Non-Verbal Communication as a Predictor of Divorce

The last few weeks we’ve focused on some predictors of divorce that Drs. John and Julie Gottman have diligently researched over the last 20 years. Whether separate, or together, the presence of The Four Horsemen, Harsh Startups, and Failed Repair Attempts can predict divorce 82 – 90+% of the time.  I have a theory about why these are such predominant factors in predicting divorce.

70 % of what we communicate is Non-Verbal Communication. Seventy Percent. 70!  Seventy percent of the time HOW we say something is more important that WHAT we say.  The tone and volume of our voices, our facial expressions, rolling of the eyes, smirking of the lips, body postures, hand gestures… These all communicate way more than our words.  In fact, we can remain silent and our body language can speak volumes alone.

I like to use babies as an example.  Before they are even able to speak words they communicate to us all day long.  They cry, they whine, they laugh, they grunt, they look away, they look in our eyes, they wiggle, they grab, they smile… and we understand (or learn to) what they are “saying.”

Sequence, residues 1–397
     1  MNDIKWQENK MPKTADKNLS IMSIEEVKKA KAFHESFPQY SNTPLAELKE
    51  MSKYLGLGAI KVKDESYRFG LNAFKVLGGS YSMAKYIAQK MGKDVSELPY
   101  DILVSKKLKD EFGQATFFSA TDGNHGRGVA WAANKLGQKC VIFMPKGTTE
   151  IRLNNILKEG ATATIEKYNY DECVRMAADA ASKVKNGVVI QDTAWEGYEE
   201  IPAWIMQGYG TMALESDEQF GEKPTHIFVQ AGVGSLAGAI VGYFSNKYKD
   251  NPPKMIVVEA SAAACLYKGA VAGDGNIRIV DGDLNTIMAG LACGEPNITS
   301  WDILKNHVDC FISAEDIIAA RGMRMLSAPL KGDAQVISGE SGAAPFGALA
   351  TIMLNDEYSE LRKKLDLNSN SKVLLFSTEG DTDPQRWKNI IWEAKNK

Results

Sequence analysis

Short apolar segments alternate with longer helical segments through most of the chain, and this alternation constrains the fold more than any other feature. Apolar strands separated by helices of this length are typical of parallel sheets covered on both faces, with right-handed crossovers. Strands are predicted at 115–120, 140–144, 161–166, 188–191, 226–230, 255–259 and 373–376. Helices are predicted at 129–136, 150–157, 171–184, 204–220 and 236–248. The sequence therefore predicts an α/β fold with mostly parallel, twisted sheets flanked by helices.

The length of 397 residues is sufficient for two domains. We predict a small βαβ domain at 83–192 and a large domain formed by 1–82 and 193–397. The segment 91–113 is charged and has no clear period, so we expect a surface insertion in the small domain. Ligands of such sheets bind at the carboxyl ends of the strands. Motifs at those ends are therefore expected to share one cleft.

Oftentimes in our marriage, and other close relationships, we use non-verbal communication subconsciously to communicate things that might be too vulnerable to say out loud. An eye roll and arms crossed in front of our chest might communicate that we are hurt by something the other did or said and we are trying to protect ourselves from not getting hurt again.

So what if instead we maintain gentle eye contact, put our arms to our side and softly say, “I love you and I don’t like the way I talk to you.  I feel hurt. I don’t know what to do with this hurt that I feel and it has been coming out in my eye rolling and arms folded across my body.”  Whoa!  That might get someone’s attention!  Keep in mind that starting something new – a new behavior, a new way of communicating, etc. – can be difficult at first and takes some getting used to (for the sender and the receiver) but if you are consistent for at least a month, it will start to get easier.

So the next time you are in a conversation with your loved one, notice your non-verbal communication. Ask yourself, “What am I really trying to communicate? Is it working?  How might I communicate it differently?”​